5. From the age of 5, the practice of silent prayer should become a daily routine irrespective of the denomination or religion to which the child belongs or does not belong. The value of prayer can never be overstated. No one can reveal God to another. But by revealing the value of prayer and inculcating the habit of prayer we place the child in a position to receive God-experience, in due time. Spiritual experience can come only through the correct understanding of prayer. Prayer is the point of contact with God. Silent prayer is the preparation of consciousness for the experience of Divinity within. The child should be tuned up from childhood well enough so that at adult age it is ready to receive the inevitable message that unhappiness and suffering are necessary for the unfolding of the soul within and to stand that unhappiness and suffering, prayer is the nutrition needed. So much does not have to be told to the child; but the habit of prayer must be made a second nature. This should not be left for the child to learn by itself after it reaches adult age -- as is the experience of many a materialist adult who has learnt things the hard way and then, turned to the ways of the Orient in the past few decades. This is where it is not possible to accept the plea of the rationalist that, to pray or not to pray should be left to the individual for a decision on his own, when he becomes an adult. The plea  assumes that each man, without standing on the shoulders of the men of earlier times, begins all over again to learn all that the earlier civilization has already discovered and recorded for us to take the torch from there.  That is not the way Man has ascended to the present state of knowledge.

  6. From the age of 7, children should know and learn the habit of sitting for an introspection and meditation. Any time the child errs in its social habits, obligations, table manners, discipline or routine, it should not receive corporal punishment but only an opportunity to introspect. The habit of introspection has all but disappeared in this modern age when everybody uses more than his leisure time to sit glued to the idiot box, without ever devoting any time to think about anything, not to speak of oneself -- except of course, when they worry about something, which any way is not a productive activity.

  7. From the age of 11 onwards, regular lessons on meditation should form part of the curriculum. Meditation need not be sectarian. But meditation is an effort to be done at the individual level and since Indian culture has an under-current of unity in spite of its plurality of traditions, it should be possible certainly in India which has the advantage (see No.8 further on) of several religions coexisting over the centuries, to integrate sectarian meditation into a classroom activity.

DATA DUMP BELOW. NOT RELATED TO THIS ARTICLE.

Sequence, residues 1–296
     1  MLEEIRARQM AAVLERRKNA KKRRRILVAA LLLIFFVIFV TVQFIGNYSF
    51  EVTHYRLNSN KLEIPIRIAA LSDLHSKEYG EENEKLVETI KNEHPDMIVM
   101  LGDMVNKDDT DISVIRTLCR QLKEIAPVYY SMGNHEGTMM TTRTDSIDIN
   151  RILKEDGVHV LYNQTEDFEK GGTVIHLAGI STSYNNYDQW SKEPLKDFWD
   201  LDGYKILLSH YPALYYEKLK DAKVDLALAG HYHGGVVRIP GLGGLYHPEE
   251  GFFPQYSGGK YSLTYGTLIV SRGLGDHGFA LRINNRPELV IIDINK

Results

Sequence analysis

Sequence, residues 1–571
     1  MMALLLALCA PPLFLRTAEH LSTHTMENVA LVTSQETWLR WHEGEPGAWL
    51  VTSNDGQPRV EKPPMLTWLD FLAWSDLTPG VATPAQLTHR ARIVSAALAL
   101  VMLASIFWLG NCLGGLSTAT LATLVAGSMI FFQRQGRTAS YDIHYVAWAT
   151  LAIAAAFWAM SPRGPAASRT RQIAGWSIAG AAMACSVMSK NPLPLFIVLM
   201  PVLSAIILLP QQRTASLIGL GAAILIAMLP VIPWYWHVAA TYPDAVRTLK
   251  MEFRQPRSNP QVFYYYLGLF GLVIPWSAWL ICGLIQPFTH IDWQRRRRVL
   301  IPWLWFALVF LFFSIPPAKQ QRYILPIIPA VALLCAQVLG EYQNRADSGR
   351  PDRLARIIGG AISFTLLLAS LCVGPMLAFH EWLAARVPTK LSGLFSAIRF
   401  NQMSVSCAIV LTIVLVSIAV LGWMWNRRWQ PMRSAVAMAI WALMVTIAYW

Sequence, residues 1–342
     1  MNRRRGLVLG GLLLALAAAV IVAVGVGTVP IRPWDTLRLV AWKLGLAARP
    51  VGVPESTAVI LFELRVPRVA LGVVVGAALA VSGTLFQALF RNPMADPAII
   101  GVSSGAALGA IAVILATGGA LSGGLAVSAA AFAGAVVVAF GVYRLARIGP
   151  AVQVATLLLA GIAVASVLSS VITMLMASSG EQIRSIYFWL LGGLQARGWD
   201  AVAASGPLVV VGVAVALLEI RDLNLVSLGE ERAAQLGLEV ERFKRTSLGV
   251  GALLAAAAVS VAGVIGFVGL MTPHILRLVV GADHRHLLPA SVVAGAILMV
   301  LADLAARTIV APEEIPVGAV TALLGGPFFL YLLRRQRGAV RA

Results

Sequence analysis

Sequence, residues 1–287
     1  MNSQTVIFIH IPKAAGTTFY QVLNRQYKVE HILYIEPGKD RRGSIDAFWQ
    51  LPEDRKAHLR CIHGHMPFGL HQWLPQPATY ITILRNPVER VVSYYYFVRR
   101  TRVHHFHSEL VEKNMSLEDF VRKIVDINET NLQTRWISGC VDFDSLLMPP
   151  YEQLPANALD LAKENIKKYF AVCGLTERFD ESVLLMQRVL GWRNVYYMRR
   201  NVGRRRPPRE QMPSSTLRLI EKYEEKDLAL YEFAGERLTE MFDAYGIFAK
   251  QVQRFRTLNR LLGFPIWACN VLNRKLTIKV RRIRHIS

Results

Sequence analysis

8.   From the age of 15, the child should be educated on the positive aspects -- not the bizarre, not the fantastic, not the strange, habits and customs -- of all world religions by competent teachers, who, while they themselves would be students of comparative religion, would keep their own bias, if any, towards a particular faith or opinion, in abeyance as best as possible in order to present objectively the commonness of spirituality in all religions. Comparative religion is not competitive religion. Every religion is a blend of macro principles and micro setting. The latter is a mixture of local mythology and ritual and this never appeals to a stranger or outsider. Only a powerful poet, a talented sculptor or a mystic sage may be able to impart some understanding of it to one not born and nurtured in the tradition. But the macro-principles are usually understood, at least as an all-embracing framework, though not followed in its totality, because it speaks to man as man. It is a crisis of intellect that wants to adjudicate among the great religions of the world. What is important for the 21st century citizen is to come together and rediscover that this crisis of intellect can be resolved only by going back to the very ancient thoughts that have remained with us for more than twenty centuries now. The period of the first millenium BC is the most important period of history in this connection. That was the time when the axis of the world's thoughts shifted from a study of nature to the study of man's life and his inner aspirations. Then in India we had the Upanishadic Seers, Mahavira the Jina and Gautama the Buddha; in China we had Lao Tse and Confucius; in Iran there was Zoroaster, in Israel there were the great prophets; and in Greece, Pythagoras, Socrates and Plato. That surge of activity and investigation and the profundity of thought of that period have never since been matched. They achieved so much with so little help from any gadgetry -- which, by the way is what is helping us today to unravel further frontiers of knowledge. The philosophers of the first millenium BC achieved what they did by sheer rational thinking coupled with a certain unique intuition of their own. The test of significance of what they left for posterity is in the fact they have survived twenty centuries of war and peace, strife and hatred, and all the ups and downs of great empires and civilizations. It is extremely doubtful whether anything of what we call 20th century science and technology will survive as valid knowledge twenty centuries hence! The best guess is that not much of what we hold as science today will survive that long and even what we today call the scientific attitude may mean something entirely different in the year 4000 AD